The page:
by Beverly Hutchinson McNeff
I recently ran across a report by the prestigious Pew Forum on Religion and Public Life which found that it is not the so-called faithful who are better informed about faith but rather the atheists and agnostics. Why you may wonder? According to those findings, atheists and agnostics are not simply heretics and non-believers but instead educated, thoughtful people who have probably had a religious tradition and consciously gave it up, often after a great deal of personal reflection. According to researchers, “These are people who have thought a lot about religion. They’re not indifferent. They care about it.”
On the flip side, the study found that in the case of Christians (who fared far worse in their knowledge), many accept their faith as accurate and simply stop examining it. Therefore, because they think it is true, they don’t examine other people’s faiths or even their own. “That, I think, is not healthy for a person of any faith,” said a professor of religion at Boston University, Stephen Prothero.
I find these surveys interesting in what they show us about ourselves. When I heard of this survey’s results, they made tremendous sense. I have had friends who have stated that they were atheist or agnostic, and they are people who have struggled to understand God and explored many of the mainline religions, only to find them wanting.
The scribe of A Course in Miracles, Helen Schucman, was a self-proclaimed “militant” atheist, and yet her devotion to God and her service to the Course are self-evident. The stories of Helen’s struggle with God are legendary and, frankly, do not diminish my faith in the Course but rather strengthen it.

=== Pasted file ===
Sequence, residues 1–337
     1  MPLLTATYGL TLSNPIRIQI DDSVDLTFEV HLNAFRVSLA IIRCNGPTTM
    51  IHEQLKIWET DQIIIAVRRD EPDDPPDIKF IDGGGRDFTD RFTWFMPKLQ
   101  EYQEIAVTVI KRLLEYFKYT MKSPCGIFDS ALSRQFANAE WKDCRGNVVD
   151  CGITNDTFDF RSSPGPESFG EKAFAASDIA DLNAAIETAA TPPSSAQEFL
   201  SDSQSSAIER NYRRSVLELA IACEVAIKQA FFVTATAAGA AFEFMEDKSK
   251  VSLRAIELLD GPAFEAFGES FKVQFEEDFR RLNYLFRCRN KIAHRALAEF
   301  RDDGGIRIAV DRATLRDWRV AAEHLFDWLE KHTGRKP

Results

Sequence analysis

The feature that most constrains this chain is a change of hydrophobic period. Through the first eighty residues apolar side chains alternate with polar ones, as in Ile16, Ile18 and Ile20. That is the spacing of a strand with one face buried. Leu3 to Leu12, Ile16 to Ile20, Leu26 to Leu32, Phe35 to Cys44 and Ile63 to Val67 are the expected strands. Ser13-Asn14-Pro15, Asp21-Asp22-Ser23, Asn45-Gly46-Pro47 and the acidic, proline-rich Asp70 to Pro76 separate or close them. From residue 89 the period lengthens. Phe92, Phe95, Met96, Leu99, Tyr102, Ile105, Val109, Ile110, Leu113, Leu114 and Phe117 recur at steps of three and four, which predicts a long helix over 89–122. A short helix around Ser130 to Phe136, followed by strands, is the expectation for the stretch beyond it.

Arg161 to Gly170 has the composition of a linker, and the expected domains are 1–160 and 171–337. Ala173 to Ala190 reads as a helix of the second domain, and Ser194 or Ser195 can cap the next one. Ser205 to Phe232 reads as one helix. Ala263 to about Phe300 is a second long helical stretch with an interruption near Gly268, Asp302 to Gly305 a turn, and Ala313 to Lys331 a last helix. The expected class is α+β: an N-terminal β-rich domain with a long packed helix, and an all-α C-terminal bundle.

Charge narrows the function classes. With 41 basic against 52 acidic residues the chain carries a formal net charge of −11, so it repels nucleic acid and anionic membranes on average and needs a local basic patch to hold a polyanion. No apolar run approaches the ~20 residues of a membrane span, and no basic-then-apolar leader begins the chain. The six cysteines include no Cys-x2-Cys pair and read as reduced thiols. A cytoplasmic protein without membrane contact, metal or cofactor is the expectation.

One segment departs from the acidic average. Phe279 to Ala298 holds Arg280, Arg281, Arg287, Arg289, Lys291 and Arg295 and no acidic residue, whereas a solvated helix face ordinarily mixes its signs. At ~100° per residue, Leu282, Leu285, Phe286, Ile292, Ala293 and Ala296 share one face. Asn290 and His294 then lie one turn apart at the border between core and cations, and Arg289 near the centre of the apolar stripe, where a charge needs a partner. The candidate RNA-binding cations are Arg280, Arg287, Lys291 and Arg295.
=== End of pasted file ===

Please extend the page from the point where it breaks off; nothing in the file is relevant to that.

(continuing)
In the Course, we don’t find a jealous or vicious God who expects blind loyalty but a God “big enough” to be questioned and scrutinized because there is nothing to hide or protect. The Course states, “In my defenselessness my safety lies,” and the “God” of the Course is the personification of that truth.
The famous 18th-century French philosopher Voltaire said, “If God created us in his own image, we have more than reciprocated.” We have made God as limited, hateful, and fearful as we see ourselves, and yet, according to the Course, we can awaken to the true image of love that created us at any instant. To do this, however, we must lift the cloud of guilt we have cast on everyone and everything.
Labels keep us safe?